OSHA is implementing nationally an inspection emphasis program for workplaces with highly hazardous chemicals in quantities covered by the Process Safety Management (PSM) standard. This program is an outgrowth of a limited pilot program initiated in 2009. Employers covered by the PSM standard are subject to an increased chance of inspection. OSHA’s express goal is to increase employer attention to employee safety in relation to highly hazardous chemicals.
The U.S. Department of Labor (DOL) will be conducting listening sessions in five different cities across the United States in September 2018 to gather views concerning potential revisions to the white-collar exemption regulations under the federal Fair Labor Standards Act (FLSA).
Storm Clouds and Silver Linings for Employers: An Analysis of the DOL’s Final FLSA Part 541 Regulations
The minimum salary threshold to qualify for the executive, administrative, and professional exemptions to the Fair Labor Standards Act (FLSA) will more than double on December 1, 2016, from $23,660 per year to $47,476 per year. This is the most notable—but not the only – change to the FLSA exemption requirements under the final Part 541regulations that the U.S. Department of Labor (DOL) released today. Another noteworthy provision in the final Part 541 rule is one to automatically adjust this salary amount every three years beginning on January 1, 2020.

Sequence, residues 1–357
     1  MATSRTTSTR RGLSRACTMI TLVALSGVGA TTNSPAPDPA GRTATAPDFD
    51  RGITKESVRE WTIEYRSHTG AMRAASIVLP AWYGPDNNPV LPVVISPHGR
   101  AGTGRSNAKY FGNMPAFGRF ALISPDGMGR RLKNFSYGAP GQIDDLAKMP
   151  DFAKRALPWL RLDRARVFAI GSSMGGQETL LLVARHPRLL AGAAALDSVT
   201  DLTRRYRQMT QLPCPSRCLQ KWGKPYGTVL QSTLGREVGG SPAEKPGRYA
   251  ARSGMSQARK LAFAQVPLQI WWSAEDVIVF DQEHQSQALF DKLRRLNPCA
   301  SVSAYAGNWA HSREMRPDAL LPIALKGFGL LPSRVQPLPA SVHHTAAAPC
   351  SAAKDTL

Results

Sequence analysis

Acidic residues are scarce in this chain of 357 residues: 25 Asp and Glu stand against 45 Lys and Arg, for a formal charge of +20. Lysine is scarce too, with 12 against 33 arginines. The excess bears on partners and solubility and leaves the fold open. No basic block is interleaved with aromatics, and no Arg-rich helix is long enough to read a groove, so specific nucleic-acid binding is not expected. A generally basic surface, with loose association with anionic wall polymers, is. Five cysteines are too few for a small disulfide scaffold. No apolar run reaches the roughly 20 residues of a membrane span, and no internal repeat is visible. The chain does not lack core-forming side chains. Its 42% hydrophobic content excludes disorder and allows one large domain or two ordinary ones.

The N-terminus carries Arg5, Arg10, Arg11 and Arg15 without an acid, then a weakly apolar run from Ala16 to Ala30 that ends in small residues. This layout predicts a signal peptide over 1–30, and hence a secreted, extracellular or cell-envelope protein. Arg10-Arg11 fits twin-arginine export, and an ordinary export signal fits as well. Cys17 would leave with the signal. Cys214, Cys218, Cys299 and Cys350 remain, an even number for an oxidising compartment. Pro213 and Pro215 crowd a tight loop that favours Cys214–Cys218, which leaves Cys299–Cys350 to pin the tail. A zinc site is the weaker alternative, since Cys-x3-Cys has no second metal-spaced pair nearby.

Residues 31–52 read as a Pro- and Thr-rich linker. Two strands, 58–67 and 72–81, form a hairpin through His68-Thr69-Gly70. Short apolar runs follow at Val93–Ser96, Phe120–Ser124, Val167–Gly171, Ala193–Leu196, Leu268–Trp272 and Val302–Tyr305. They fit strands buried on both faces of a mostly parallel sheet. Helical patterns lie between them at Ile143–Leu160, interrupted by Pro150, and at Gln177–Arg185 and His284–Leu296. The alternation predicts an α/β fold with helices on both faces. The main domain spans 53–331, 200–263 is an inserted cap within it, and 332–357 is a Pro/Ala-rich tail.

On June 24, 2013, the Supreme Court of the United States issued two highly-anticipated decisions. In Vance v. Ball State University, the justices considered whether the “supervisor” liability rule established by Supreme Court precedent applies to harassment by employees whom the employer vests with the authority to direct and oversee a harassment victim’s daily work or whether the rule is limited to those harassers who have the power to “hire, fire, demote, promote, transfer, or discipline” their victim.